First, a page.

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As museums continue to develop more sophisticated techniques for managing and analyzing cultural data, many are beginning to encounter challenges when trying to deal with the nuances of language and ...
As museums continue to develop more sophisticated techniques for managing and analyzing cultural data, many are beginning to encounter challenges when trying to deal with the nuances of language and automated processing tools. How might user-generated comments be harvested and processed to determine the nature of the comment? Is it possible to use existing collection documentation to derive relations between similar objects? How can we train systems to automatically recognize (disambiguate) different meanings of the same word? Can automated language processing lead to more compelling browsing interfaces for online collections?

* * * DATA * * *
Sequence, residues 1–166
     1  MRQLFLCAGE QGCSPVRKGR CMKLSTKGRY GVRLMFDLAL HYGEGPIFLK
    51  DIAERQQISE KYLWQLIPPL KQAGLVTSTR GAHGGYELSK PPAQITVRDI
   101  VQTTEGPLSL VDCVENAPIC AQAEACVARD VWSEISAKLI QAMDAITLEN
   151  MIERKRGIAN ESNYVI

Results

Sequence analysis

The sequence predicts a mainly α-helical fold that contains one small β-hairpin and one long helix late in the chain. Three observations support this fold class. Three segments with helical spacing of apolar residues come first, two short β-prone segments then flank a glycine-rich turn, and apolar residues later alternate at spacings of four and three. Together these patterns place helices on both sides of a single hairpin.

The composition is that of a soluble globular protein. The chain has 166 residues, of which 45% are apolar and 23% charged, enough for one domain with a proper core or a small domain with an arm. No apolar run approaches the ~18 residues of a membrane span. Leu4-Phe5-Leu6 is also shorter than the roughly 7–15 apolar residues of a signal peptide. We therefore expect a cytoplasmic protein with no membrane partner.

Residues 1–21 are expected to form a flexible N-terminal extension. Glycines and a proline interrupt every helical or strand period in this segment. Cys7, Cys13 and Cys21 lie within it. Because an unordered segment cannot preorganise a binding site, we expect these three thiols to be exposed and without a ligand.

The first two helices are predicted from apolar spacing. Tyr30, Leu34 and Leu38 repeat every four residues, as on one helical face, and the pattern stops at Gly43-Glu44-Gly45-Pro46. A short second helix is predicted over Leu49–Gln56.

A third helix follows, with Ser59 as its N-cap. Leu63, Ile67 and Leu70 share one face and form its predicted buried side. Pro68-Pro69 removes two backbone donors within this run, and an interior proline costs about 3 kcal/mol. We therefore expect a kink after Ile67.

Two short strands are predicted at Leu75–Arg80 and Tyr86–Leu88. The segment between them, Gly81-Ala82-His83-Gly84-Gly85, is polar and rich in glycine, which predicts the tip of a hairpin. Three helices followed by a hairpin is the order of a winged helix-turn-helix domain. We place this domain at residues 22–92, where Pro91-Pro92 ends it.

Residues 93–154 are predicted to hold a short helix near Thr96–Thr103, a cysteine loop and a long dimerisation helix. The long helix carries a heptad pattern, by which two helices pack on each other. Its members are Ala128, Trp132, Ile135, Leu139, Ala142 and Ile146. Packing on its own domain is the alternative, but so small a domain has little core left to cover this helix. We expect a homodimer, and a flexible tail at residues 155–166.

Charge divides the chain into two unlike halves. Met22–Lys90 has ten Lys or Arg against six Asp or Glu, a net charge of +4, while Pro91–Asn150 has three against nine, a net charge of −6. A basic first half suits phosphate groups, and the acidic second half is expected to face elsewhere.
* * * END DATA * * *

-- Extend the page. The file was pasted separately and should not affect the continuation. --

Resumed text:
Luckily, a good deal of expertise and tools exist within the field of computational linguistics that can be applied to these problems to achieve meaningful results. Informed by previous work in computational linguistics and relevant project experience, the authors will address a number of these questions providing insight about how answers to impact museum practice might be found. Authors will share tools and resources that museum software developers can use to prototype and experiment with these techniques - without being experts in language processing themselves. In addition, the authors will describe the work of the T3: Text, Tags, Trust research project and how they have applied these tools to a large shared dataset of object metadata and social tags collected by the Steve.museum project.
Specific challenges regarding batch-processing tools and large datasets will be addressed. Best practices and algorithms will be shared for dealing with a number of sticky issues. Directions for future research and promising application areas will be also be discussed.
A presentation from Museums and the Web 2011 (MW2011)